Primary Documents - Thomas Nelson Page on the Tenth and Eleventh Battles of the Isonzo, 1917

Thomas Nelson Page Reproduced below is an account of the outcome of the tenth and eleventh battles of the Isonzo, launched by the Italian Commander-in-Chief Luigi Cadorna in May and August 1917.

Although these were both regarded as expensive failures by many, Page's summary - he served as U.S. Ambassador to Italy at the time - instead emphasised the greater attritional losses inflicted upon the already weakened Austro-Hungarian army.

Click here to read the view of the head of the British Red Cross effort in Italy, G.M. Trevelyan.

Thomas Nelson Page, U.S. Ambassador to Italy, on the Tenth and Eleventh Battle of the Isonzo

The Allies had planned a great offensive for early spring on all their fronts.

The late opening of the spring in 1917, however, prevented until May the great offensive which Cadorna had planned on the Carso front to force the Austrians from their strong positions above the upper and middle Isonzo, where their right - to employ the words of the Italian report - "pivoted on a lofty mountain system, consisting of various lines of high peaks, each of which was a dominating base connected with its neighbour; so that, taken together, they formed a formidable defensive whole."

Such were the enemy's lines between the middle Isonzo and the Chiapovano and Idria valleys, extending to the system of the Ternovo plateau, and to the mountainous line on the right of the Vipacco River to the north and east of Gorizia.

Hence - to quote from the same authority - they extended "through the narrow valley of the Vipacco to the northern edge of the Carso, at Monte Faiti, and joining the Cornem-Brestovizza-Hermada-Duino bulwark, extended down to the sea."

As soon as the weather conditions permitted, Cadorna opened his offensive from the bridge head at Plava, and sent the Italians up the precipitous steeps of Monte Kuk, Mount Vodice, and "Hill 625."

The dash of the assault carried against desperate resistance the Austrian first line, while farther toward the sea the Italian right advanced on the Carso, sweeping the Austrian left out of their strongest positions "as far as the immediate approaches to Faiti, to Brestovizza, and to Monte Hermada."

By May 27 the Italians had reached the third line of Austrian defences and crossed the Ternovo.  The offensive was costly, for the Italians were forced to carry by assault against Austria's best troops positions which, naturally of tremendous strength, had been fortified by Austria's highest experts till they were deemed the impregnable bulwarks of the Dual Kingdom.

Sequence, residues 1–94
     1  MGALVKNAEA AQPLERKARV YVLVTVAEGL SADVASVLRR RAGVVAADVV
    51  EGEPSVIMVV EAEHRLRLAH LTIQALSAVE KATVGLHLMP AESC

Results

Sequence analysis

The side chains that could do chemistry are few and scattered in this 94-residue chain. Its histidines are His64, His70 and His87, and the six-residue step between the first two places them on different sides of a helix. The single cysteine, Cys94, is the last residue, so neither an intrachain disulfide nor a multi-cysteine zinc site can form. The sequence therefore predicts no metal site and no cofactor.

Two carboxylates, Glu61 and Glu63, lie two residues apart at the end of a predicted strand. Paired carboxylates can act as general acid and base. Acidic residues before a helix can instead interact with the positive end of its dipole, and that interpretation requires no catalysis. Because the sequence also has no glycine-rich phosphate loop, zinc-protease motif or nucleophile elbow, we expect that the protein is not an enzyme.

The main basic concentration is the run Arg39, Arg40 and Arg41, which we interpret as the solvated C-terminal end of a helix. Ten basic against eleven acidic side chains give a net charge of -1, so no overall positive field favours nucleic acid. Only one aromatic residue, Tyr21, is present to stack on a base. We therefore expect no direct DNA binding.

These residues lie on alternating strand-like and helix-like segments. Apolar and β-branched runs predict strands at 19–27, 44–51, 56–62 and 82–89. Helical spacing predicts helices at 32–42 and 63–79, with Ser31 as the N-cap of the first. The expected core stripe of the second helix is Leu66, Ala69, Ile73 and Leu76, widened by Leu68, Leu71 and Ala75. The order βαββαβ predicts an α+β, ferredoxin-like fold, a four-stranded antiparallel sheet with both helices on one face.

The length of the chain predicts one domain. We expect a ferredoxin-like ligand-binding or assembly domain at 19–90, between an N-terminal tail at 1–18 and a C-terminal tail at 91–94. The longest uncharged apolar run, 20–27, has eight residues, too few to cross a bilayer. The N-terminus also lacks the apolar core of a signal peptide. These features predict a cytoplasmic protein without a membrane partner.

But if the Italian losses were tremendous, they also exacted a heavy toll from the defenders.  So successful was this May offensive that Austria felt compelled to draw important reinforcements from her eastern front to defend these gateways to Trieste.

Cadorna was now complete master of the initiative, and he prepared for his next step, which was to assemble a superior force with superior artillery, and attack once more along the whole Isonzo front.

Again he was successful.  His left thrown against the Austrian right captured the advanced Bainsizza plateau and the positions on Monte Santo as far as the Chiapovano Valley, and then made a flank attack against the positions of Ternovo and an attack by both front and flank on the positions on Mount San Gabriele.

On the Carso the Third Army under the Duke d'Aosta carried the enemy's first line, and then, to quote the Italian report, "made a determined bid for Monte Hermada, the most important bulwark barring his advance on Trieste."

But there must be a limit to all effort, however epic its scope or exercise may be.  Against these bulwarks Italy's offensive came for the time to a stand.  She had poured out her blood like water on those rock mountain sides and plateaus, where every point and line were swept by a fire that cut away woods as a harvest-field is mown by the scythe, and blew away the living rock in its elemental fury.

This offensive in which Italy was forced to put forth her utmost efforts had cost her heavily - how heavily was not divulged.  But she had to show for it substantial gains.  She had smashed the enemy's powerful lines and, against the most stubborn resistance, had carried his most cherished defences, in a region where every position seized was the proof at once of her success and of her prowess.

She had captured over 30,000 prisoners, 135 guns, including several of the famous "305's," nearly 400 machine-guns and trench mortars, and a prodigious quantity of military supplies and other stores of all kinds.

With the proof of her ability to capture, against Austria's most powerful efforts at resistance, defences so formidable that military writers had long considered them impregnable, Italy might well feel satisfied.

But not only had she strengthened her own position; she had rendered, if it were known, a vast service to the Allied cause.  First, in that while Russia was crumbling internally, her armies were as yet intact.

And that they had remained so was due in part to Italy's having compelled Austria to withdraw from the Russian front troops which, if left there, might have changed the situation months before the Russian armies gave way, and thus have permitted German reinforcements from the weakened Russian front to fling their weight on the already worn French and British armies at the crucial moment when they were straining every nerve on the Meuse, the Aisne, and the Somme.

Source: Source Records of the Great War, Vol. V, ed. Charles F. Horne, National Alumni 1923

"Coffin Nails" was a term used by British soldiers to describe cigarettes.

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